Apple growers lost around 25% of their harvest in 2017 due to unexpectedly late frosts . Carrot yields (down a reported 25-30%) and onion yields (reportedly down 40% on a normal year) were hampered in 2018 by warmer than average temperatures. Potato yields were down on average 20% in England and Wales in 2018 compared to the previous season , making it the fourth smallest harvest since 1960. For consumers, the lack of water and extreme heat of 2018 was reported to have cut more than one inch off the size of the average chip17

Nearly 85 per cent of fertile peat topsoil in East Anglia has been lost since 1850, with the remainder at risk of being lost over next 30–60 years18

Food shortages and increased food prices are also associated with increasing social unrest particularly in areas of the world where food costs take up a larger proportion of peoples income.

The large increase in food prices in 2008 and 2011 sparked a large amount of civil unrest in North Africa and the Middle East.

For instance, Al-Shabaab and the Islamic State of Iraq and Syria (ISIS), the terrorist organizations based in Somalia and Iraq respectively, were shown to recruit in regions where natural resources, increasingly impacted by climate change, can no longer support nature-based livelihoods such as agro-pastoralism

Climate Change Adaptation in the Arab States UNDP19

Although the current affects of climate change may seem remote and seem to have little impact on the stability of the UK this may not be true in the future. Large scale unrest in the Middle East or Africa (Turkey, Egypt, Nigeria) may lead to involvement of other countries. Such a situation may have drastic consequences for oil supply.

Developing countries are also a key supplier of raw materials for the UK some of which are already classed as critical20.

Specific Risk At Nuclear Site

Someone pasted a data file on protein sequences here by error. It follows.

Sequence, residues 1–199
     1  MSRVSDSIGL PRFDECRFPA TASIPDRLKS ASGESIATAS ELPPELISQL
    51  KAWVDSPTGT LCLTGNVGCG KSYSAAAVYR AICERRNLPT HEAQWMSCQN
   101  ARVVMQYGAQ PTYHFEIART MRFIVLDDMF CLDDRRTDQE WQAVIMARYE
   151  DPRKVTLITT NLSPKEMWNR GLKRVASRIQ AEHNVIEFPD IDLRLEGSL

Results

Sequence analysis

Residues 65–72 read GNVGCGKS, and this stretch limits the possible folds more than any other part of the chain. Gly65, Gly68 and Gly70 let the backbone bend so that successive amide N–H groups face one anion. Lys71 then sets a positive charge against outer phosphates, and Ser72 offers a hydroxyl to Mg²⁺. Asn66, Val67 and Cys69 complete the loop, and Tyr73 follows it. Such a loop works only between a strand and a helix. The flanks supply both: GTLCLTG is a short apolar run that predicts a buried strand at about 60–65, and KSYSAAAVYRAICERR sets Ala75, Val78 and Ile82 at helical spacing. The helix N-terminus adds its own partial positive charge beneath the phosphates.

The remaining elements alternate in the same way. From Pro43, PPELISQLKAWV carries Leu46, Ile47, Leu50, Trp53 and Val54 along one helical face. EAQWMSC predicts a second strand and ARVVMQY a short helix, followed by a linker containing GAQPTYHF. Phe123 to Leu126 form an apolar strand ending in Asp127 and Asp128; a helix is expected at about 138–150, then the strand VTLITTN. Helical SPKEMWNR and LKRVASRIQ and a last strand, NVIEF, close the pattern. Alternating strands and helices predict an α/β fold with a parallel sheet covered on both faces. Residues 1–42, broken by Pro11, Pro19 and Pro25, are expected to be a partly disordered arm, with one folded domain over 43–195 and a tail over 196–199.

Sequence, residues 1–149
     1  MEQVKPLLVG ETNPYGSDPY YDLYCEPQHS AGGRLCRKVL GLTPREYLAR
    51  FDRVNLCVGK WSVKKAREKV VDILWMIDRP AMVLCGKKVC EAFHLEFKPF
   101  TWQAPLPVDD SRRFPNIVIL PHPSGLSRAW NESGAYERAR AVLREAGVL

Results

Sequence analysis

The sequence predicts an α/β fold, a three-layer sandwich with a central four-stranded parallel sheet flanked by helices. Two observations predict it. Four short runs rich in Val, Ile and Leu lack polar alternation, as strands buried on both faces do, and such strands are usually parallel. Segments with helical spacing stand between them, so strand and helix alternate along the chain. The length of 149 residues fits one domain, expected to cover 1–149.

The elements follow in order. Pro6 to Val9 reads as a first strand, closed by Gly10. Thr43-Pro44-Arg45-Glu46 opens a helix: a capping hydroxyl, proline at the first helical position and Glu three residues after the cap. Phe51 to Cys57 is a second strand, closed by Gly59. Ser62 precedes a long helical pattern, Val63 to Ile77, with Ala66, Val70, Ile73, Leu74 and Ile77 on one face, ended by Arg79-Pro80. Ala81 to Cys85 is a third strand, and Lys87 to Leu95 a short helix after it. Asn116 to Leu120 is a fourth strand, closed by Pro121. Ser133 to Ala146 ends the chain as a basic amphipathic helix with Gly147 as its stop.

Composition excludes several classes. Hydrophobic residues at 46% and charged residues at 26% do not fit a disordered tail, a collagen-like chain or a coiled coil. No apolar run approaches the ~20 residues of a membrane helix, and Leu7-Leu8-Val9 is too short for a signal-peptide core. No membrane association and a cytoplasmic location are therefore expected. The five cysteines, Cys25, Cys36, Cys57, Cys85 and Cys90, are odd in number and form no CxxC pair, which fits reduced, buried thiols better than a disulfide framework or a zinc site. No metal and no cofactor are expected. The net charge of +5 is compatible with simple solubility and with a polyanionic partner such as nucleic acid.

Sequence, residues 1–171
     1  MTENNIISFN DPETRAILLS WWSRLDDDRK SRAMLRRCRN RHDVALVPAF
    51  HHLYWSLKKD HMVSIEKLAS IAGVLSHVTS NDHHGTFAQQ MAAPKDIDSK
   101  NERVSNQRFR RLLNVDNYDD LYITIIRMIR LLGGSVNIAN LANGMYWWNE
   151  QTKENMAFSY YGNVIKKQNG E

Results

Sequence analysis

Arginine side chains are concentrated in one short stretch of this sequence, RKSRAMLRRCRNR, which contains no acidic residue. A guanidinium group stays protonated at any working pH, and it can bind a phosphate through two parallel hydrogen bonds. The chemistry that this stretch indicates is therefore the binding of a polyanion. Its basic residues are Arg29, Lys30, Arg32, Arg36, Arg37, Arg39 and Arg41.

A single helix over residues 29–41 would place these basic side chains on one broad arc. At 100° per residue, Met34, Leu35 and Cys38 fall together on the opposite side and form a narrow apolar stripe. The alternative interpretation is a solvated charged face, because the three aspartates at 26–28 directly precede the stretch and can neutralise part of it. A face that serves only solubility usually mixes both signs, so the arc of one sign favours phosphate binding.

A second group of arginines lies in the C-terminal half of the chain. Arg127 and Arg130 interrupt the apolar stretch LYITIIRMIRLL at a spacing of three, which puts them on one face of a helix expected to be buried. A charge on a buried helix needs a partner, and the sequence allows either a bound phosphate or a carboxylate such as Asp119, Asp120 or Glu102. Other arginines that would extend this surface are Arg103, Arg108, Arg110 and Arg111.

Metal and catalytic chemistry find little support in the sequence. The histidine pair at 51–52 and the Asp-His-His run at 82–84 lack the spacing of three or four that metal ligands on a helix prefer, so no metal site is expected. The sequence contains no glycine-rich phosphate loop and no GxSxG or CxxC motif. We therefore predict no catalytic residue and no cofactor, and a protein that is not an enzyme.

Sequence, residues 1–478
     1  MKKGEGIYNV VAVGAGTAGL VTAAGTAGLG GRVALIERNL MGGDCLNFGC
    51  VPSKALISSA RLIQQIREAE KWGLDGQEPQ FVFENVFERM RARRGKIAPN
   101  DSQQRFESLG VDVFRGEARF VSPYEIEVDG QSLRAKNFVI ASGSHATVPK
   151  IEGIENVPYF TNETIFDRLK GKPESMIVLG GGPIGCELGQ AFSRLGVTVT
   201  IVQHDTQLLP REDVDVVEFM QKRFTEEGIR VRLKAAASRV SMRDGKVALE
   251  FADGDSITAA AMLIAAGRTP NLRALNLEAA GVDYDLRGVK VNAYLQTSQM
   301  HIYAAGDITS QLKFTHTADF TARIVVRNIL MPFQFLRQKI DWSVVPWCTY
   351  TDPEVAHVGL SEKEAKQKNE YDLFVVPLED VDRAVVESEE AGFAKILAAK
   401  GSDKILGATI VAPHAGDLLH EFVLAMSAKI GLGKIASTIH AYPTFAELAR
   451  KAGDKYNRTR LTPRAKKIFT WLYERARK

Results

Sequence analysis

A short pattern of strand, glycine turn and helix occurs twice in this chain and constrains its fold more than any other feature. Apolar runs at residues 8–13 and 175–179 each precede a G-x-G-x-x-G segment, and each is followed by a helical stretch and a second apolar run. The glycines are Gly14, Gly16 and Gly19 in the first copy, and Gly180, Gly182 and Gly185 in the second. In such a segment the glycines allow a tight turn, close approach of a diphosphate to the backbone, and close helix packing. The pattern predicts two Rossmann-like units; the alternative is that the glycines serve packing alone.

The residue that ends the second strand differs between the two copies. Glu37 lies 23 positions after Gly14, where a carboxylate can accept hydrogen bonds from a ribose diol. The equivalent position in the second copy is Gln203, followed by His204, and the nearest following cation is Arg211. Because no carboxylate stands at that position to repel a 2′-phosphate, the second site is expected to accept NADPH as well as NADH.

It is reasonably foreseeable that a systemic shock occurs resulting in loss of essential services such as power and/or water supply could result in core meltdown and/or a fire in the spent fuel pond. Even if such a catastrophe is averted doing so will lead to diversion of scarce resources to maintaining a nuclear power plant that is no longer able to supply electricity. This would be even more problematic if the systemic shock results in systemic collapse.

A 1997 report for the NRC by Brookhaven National Laboratory found that a fire in a spent fuel pond containing the last core could render about 188 square miles uninhabitable, cause as many as 28,000 cancer fatalities, and cost $59 billion in damage (not including health costs)21 even for a low release faction.

It should be noted that for the stage 1 and stage 2 consultations it was proposed that the spent fuel would be stored on site in a second cooling pond. The figures from the Brookhaven report for a full pool with a high release faction are 2790 square miles uninhabitable, 143,000 cancer fatalities and $566 billion in damage.

A study by the staff of the Nuclear Regulatory Commission (NRC) analysed a “loss of coolant” accident at the Peach Bottom nuclear plant in Pennsylvania. One scenario resulted in a fire of the spent fuel rods and the release of radioactivity that the study finds would lead to more than 17,000 cancer deaths, 9,400 square miles of evacuated territory (nearly twice the area of East Anglia) and more than 4 million people displaced long-term. (The first number uses the usual low-dose risk coefficient of 0.05 per person-Sv.)22.